clock menu more-arrow no yes mobile

Filed under:

J.J. Abrams says his wife convinced him to stop with the lens flares

"Katie's told me to stop with a lot of things"

Samit Sarkar (he/him) is Polygon’s deputy managing editor. He has more than 15 years of experience covering video games, movies, television, and technology.

Many directors employ visual signatures in their films, and J.J. Abrams has long used one that's easily identifiable: lens flare. But you may have noticed that lens flares were conspicuously absent in his most recent film, Star Wars: The Force Awakens, and that could be because his wife convinced him that he was overdoing it with that effect, Abrams said on The Late Show with Stephen Colbert this week.

"She was right," Abrams said of his wife, Katie McGrath, who is a public relations executive. "There was one scene in Star Trek Into Darkness that you literally couldn't see what was going on." Abrams noted that the sequence in question was "a very important emotional scene," having begun his interview with Colbert by saying that he always tries to tell stories that will engage people emotionally.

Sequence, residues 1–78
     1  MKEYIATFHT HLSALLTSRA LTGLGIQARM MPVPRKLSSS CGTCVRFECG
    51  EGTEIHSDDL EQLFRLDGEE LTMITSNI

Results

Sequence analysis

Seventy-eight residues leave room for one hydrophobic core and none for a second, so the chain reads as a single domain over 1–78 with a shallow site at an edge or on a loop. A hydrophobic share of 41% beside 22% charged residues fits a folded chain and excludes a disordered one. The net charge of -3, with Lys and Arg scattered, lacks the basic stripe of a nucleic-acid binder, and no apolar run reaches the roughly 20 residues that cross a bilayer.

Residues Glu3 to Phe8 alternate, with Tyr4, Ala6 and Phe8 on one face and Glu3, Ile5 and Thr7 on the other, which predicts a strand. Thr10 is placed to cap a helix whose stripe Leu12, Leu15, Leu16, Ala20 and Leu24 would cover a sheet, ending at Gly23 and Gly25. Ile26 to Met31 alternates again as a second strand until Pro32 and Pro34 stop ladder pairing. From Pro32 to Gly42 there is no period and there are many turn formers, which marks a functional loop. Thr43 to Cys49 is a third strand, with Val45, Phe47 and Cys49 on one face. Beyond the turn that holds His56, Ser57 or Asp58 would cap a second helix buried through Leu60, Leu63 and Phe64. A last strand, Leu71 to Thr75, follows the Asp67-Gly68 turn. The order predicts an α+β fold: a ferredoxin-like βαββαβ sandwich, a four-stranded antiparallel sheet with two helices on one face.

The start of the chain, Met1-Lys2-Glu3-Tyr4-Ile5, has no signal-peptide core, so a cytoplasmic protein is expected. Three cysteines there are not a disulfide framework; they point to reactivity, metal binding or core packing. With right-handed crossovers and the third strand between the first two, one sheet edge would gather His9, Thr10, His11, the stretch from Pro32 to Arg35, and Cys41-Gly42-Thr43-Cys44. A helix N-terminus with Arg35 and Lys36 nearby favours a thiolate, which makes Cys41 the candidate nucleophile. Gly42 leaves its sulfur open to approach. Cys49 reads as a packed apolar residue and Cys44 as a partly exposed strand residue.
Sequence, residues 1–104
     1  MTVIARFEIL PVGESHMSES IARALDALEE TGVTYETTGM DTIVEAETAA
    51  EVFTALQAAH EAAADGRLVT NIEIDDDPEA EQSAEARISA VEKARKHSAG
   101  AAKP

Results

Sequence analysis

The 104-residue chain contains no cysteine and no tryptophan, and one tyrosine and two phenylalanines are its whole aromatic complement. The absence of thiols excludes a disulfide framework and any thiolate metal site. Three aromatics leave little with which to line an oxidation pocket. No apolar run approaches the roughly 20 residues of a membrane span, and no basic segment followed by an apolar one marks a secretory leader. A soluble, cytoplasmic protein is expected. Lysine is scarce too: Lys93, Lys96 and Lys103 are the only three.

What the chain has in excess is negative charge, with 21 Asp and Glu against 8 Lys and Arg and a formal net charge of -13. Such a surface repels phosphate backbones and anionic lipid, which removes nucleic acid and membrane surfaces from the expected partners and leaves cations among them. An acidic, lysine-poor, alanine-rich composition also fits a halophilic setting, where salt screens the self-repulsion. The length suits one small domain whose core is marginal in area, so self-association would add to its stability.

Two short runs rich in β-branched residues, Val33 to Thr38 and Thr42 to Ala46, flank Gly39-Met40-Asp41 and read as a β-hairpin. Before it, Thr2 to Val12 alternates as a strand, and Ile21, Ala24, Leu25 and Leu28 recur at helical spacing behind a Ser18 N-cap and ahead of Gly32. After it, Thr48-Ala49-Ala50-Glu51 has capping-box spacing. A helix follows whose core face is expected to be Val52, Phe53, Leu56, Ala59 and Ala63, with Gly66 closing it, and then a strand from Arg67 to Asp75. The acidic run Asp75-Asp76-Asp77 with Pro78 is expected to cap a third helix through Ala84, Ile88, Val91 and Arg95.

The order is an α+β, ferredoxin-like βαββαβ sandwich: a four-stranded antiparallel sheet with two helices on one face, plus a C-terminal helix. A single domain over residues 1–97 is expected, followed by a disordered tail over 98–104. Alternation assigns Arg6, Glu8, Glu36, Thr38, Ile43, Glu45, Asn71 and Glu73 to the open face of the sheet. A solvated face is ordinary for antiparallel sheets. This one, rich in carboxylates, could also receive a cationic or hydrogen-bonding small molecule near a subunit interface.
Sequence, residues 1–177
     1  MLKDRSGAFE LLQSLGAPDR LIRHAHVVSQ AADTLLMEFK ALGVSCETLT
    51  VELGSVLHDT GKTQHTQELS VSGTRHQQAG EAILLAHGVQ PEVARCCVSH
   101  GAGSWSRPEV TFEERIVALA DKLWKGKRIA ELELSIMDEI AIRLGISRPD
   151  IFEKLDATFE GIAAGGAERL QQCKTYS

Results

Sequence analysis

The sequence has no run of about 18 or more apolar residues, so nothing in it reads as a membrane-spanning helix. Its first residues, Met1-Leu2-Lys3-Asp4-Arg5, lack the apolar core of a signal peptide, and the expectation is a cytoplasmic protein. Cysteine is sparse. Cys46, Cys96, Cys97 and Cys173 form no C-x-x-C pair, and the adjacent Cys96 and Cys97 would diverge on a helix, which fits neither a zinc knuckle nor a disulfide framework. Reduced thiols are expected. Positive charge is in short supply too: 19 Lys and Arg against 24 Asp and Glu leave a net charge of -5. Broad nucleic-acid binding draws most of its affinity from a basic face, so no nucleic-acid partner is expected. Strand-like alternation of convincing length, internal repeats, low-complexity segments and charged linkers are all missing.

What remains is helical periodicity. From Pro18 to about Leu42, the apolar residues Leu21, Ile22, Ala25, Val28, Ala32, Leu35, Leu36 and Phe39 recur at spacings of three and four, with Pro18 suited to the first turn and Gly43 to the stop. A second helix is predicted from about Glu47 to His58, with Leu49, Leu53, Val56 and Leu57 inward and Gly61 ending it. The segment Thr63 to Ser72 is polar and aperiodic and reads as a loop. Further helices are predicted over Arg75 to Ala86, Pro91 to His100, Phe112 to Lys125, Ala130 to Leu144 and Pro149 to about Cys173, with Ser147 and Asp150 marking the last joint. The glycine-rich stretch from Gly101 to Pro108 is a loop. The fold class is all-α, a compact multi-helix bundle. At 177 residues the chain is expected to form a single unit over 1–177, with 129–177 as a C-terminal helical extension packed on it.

"Alice Eve, the actress, was somewhere behind this crazy lens flare glaring," Abrams continued. "And Katie just looked at me and she said, 'OK, I think this is it. I think, at this point, you have to absolutely stop doing that.'"

It's likely that Abrams was referring to the scene in Star Trek Into Darkness which Carol Marcus, Eve's character, attempts to reason with her father, Alexander Marcus, who is played by Peter Weller. You can watch the clip in question in the video below, starting at the 1:27 mark.

Abrams appeared on The Late Show to promote 10 Cloverfield Lane, on which he served as an executive producer. For more on the film, which is a follow-up to 2008's Cloverfield, read our review.